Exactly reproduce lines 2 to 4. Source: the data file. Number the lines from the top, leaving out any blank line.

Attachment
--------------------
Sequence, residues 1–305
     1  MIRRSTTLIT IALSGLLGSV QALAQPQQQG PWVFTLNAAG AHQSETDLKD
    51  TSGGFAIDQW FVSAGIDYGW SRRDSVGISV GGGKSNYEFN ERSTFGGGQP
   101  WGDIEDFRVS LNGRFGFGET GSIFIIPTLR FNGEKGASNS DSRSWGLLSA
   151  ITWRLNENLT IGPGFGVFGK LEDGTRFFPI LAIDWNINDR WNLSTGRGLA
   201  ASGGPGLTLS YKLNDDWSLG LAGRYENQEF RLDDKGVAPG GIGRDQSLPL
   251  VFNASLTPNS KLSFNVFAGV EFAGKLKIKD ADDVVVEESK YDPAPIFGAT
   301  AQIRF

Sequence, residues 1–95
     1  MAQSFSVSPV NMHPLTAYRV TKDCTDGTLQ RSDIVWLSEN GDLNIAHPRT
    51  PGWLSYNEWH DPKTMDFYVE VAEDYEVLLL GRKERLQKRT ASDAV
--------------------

     1  MIRRSTTLIT IALSGLLGSV QALAQPQQQG PWVFTLNAAG AHQSETDLKD
    51  TSGGFAIDQW FVSAGIDYGW SRRDSVGISV GGGKSNYEFN ERSTFGGGQP
   101  WGDIEDFRVS LNGRFGFGET GSIFIIPTLR FNGEKGASNS DSRSWGLLSA